Ordinarily, of course, Republicans are highly hostile to regulations that interfere with commerce. The very first bill Gov. Tom Corbett signed as governor, in fact, was the repeal of a bill requiring new homes to be equipped with sprinkler systems. The state's construction industry had argued that the requirement could add as much as $10,000 to the cost of a new home.
Republicans were sympathetic; bill sponsor Garth Everett opined that the sprinkler measure "was basically going to add a lot of cost to a home at a very small increase in the safety factor, and it was handicapping the housing industry in Pennsylvania." And in signing that bill, Corbett declared "Whether or not new homes are equipped with sprinklers should be a decision left to individual consumers and not the government."
The reports from Gosnell's clinic are horrifying no matter what you think about abortion. But it's not at all clear how larger elevators would have changed that, or how imposing such requirements will "increase the safety factor" at any location where abortions are provided.
Meanwhile, home fires can be horrifying as well, and often have tragic results for mothers and children alike — as Pittsburghers have seen, tragically, just this week. But hey, this is the GOP: When a special interest like the construction biz is involved, a cost-benefits analysis is necessary. But no price is too steep when a group like Planned Parenthood has to pay it. And reproductive decisions are the one area where "individual consumers" — i.e. women — can't be trusted. For guys like Everett — who voted for the new clinic regulations this week — it turns out there's a place for paternalistic government after all.
Of course, it's obvious what's going on here: As I've written before — and as we saw with the surprise trouncing of an extreme anti-abortion measure in Mississippi, of all places — there's little support for the extreme pro-life position. So pro-lifers are using a different tack, opportunistically using the Gosnell case to achieve their ends through more subtle means. And Republicans in the legislature have been willing to help.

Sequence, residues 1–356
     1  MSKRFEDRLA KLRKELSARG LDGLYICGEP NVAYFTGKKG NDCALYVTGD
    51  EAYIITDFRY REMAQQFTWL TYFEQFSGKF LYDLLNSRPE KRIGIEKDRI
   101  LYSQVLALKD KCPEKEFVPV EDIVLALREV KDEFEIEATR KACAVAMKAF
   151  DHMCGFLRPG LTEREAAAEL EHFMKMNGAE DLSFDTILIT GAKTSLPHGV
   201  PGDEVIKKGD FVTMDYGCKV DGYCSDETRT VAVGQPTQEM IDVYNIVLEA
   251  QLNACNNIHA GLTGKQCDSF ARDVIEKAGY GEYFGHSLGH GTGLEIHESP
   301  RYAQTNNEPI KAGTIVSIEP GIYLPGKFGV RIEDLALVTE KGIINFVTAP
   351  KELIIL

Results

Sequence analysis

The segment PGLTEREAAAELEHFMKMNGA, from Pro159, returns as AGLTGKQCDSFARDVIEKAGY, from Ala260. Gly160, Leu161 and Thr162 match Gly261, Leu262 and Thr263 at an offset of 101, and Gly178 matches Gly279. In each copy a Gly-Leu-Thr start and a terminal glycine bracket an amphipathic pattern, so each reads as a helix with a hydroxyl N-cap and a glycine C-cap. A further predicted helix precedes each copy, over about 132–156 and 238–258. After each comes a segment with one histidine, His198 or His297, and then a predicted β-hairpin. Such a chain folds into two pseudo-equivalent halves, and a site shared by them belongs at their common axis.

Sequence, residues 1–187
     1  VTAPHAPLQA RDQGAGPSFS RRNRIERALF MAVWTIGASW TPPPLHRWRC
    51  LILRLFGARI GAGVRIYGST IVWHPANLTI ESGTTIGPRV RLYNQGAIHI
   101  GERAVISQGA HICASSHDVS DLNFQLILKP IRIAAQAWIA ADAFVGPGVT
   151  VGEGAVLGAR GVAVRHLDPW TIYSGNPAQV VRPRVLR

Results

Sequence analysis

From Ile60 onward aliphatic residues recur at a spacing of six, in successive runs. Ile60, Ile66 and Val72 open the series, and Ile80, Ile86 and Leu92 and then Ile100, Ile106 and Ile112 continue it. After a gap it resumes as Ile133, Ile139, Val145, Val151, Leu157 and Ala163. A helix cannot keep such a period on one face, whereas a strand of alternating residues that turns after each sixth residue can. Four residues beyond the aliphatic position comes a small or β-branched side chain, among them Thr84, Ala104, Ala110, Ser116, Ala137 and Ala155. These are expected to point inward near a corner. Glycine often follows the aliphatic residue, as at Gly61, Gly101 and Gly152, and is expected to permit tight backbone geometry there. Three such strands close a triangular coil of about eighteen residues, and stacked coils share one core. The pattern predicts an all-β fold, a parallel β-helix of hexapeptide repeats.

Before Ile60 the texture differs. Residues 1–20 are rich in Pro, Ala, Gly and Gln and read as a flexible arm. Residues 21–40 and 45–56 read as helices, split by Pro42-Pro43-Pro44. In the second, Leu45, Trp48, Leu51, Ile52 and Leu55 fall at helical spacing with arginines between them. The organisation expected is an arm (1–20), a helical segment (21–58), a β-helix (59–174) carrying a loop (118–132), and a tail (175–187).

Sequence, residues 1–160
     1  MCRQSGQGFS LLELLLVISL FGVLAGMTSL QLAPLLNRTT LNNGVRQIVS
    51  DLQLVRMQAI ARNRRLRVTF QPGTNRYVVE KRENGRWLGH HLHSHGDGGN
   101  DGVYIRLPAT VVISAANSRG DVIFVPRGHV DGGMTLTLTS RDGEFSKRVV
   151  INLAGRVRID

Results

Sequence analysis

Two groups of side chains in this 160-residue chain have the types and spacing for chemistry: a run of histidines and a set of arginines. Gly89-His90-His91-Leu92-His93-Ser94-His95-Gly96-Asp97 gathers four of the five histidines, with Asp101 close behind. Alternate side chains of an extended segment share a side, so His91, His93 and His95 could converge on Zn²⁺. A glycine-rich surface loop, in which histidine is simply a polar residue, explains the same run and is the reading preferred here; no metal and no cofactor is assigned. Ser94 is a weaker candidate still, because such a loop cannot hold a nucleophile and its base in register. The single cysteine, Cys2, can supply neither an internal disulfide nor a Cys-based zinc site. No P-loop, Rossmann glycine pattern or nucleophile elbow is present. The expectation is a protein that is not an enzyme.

But let's not just call out Republicans. Here are some local anti-choice Democrats who voted in favor of the bill, just in case you want to remember in November:
Hill District leaders are crying foul over the City Planning Commission's decision earlier this week to designate the Lower Hill as "blighted," arguing that the neighborhood was never consulted before the decision, which will allow the Pittsburgh Penguins to receive public funding for their development of the 28-acre property.
"Because there was no community process, and therefore no community input, from the Hill District, [t]he Hill District Consensus Group is in opposition to [the] decision by City Planning," Carl Redwood, who heads the Consensus Group, wrote in a press release on Wednesday. "Deals are being made between the Penguin Corporation and the City of Pittsburgh that are not in the best interest of the Hill District Community."
On Tuesday, City Planning approved the Urban Redevelopment Authority's application seeking to designate the Lower Hill as blighted. Doing so allows the Penguins to benefit from tax subsidies that would help pay for roads, utilities and other infrastructure.
[EDITOR'S NOTE: Proposed abortion regulations have now passed the full Senate as well. See bottom of post for update.]
Women's health advocates are bracing themselves for what will likely be the passage of a controversial abortion measure that they fear will make the procedure inaccessible to women.
As City Paper has previously reported, Senate Bill 732 would reclassify abortion facilities as "ambulatory surgical facilities," and subject providers to the same fire, personnel and equipment standards. The state House of Representatives passed the bill yesterday, 151-44. Advocates expect the Senate to take it up today, as it was advanced out of a committee this morning. While the Senate convened this morning, they are currently on recess before the afternoon session -- we'll post updates as they become available.
Advocates, meanwhile, are pressing legislators to vote against it. The ACLU of Pennsylvania yesterday called the House approval of the measure a continuation of its "anti-woman agenda."
"Burdensome regulations come right out of the playbook of those who think women should have no access to abortion care," said Andy Hoover, the ACLU's legislative director in a statement."It's a way to undercut women's access to abortion."
New Voices Pittsburgh: Women of Color for Reproductive Justice, is urging the public contact their Senators via telephone, Facebook and Twitter to oppose the bill. And in a statement sent out today, Sari Stevens, executive director of Planned Parenthood Pennsylvania Advocates, says the passage of the bill "will either shut down abortion providers or cause the cost of an abortion to skyrocket, further decreasing Pennsylvanian's women access to abortion, including in the cases of rape and incest."